The U.S. Air Force 90th Missile Wing at F.E. Warren AFB, Wyo. and Northrop Grumman [NOC] began Launch Control Center Block Upgrades (LCCBU) this month to modernize support equipment for the Boeing [BA] Minuteman III ICBMs, the 90th Missile Wing said.
The effort began at the Kilo-01 missile alert facility (MAF) near Dix, Neb. and is to extend to 14 other launch centers.
Northrop Grumman on Feb. 1, 2021 and March 17 last year won two contracts that could be worth about $38 million for LCCBU. That work is set to finish by July 17, 2023.
Kamala Parker, Northrop Grumman LCCBU program manager, said in a 90th Missile Wing statement that the Kilo-01 MAF was the company’s “first operational install for this program, and we have gone through a lot of development and production, so being in the deployment stage now is a big deal.”
“Much of the equipment in the LCCs has been operational since Minuteman III came online roughly 50 years ago,” per the 90th Missile Wing.
“The block upgrade program is designed to replace antiquated or obsolete equipment and support the weapon system with newer technology. The LCCBU effort is focused on upgrades to the journal memory loader and printer, as well as replacing the floppy disc drive with a flash data drive. Additionally, the LCCs are getting upgrades to the oxygen regeneration unit, which is responsible for generating breathable air in the event of a strike on the MAF,” the 90th Missile Wing statement continued.
LCCBU is to last until the Air Force retires the Minuteman III fleet by the mid-2030s or earlier.
The Minuteman III upgrades come as the Air Force plans to convert 450 Minuteman III silos to accommodate the Northrop Grumman LGM-35A Sentinel next generation ICBM.
Last month, Pittsburgh’s Gecko Robotics said that the Air Force Nuclear Weapons Center awarded the company an 18-month, $1.5 million Phase 2 Small Business Innovation Research contract to aid the Air Force in the planned Minuteman III-Sentinel silo conversion (Defense Daily, Nov. 29).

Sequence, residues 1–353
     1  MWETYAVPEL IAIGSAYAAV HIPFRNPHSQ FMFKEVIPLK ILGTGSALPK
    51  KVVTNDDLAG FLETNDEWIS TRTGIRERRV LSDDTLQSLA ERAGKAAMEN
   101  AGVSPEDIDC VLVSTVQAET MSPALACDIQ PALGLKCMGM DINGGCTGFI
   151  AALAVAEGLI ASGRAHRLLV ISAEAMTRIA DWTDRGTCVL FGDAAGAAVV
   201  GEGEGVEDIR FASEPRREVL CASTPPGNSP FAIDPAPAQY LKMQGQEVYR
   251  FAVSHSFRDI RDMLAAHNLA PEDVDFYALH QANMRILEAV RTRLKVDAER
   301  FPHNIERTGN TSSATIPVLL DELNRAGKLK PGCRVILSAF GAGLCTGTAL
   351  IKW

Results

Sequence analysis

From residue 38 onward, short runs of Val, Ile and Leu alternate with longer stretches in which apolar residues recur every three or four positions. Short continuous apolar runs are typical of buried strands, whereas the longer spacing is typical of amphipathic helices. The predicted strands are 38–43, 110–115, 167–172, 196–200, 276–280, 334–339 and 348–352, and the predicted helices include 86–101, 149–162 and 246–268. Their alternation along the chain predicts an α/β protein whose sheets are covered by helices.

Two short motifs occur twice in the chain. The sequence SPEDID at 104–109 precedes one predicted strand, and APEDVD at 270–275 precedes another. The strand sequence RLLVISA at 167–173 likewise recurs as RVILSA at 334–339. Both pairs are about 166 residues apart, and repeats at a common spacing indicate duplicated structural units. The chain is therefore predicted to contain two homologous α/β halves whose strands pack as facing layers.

“Under the new contract, Gecko Robotics will integrate state-of-the-art concrete evaluation technology into their fleet of crawling robots,” the company said. “The hardware and software components together will provide the capability to rapidly assess concrete and steel liners in ICBM launch facilities. The ability to rapidly assess the current infrastructure of launch facilities is paramount to ensure a smooth transition to the Sentinel program and transition to a modernized sustainment program.”
In June, the Air Force Nuclear Weapons center at Hill AFB, Utah awarded BAE Systems an up to $12 billion contract for ICBM support through 2040 (Defense Daily, June 24).
Under the cost-plus-award-fee contract for the Integration Support Contract (ISC) 2.0, BAE will serve as the lead systems integrator and will complement government personnel in providing ICBM systems engineering, integration, and professional services.
BAE was the incumbent and won the approximately $534 million ISC contract in July 2013.
For ISC 2.0, BAE beat out four other offers, which included one from Integrated ICBM Support Services, LLC—a joint venture formed last year among Amentum, Apex Systems and Leidos [LDOS] (Defense Daily, Feb. 10, 2021).
The ISC 2.0 contract will support the aging Minuteman III ICBM force and the Sentinel, which may become operational in 2029 and remain so until 2075.
Northrop Grumman and Bechtel, which is to build the required LGM-35A infrastructure required for the 450 silos, may use predictive data to keep the Sentinel program on track.
An Air Force competition for the data layer for the 450 Sentinel silos may kick off next September.
In August last year, the Air Force Nuclear Weapons Center said that it had contracted with the Virginia-based Sabel Systems to create a “Teamcenter” hub to consolidate and organize data, enable enterprise-wide workflows, and “visualize” the health of the Minuteman III fleet, as the Air Force begins the transition to Sentinel.
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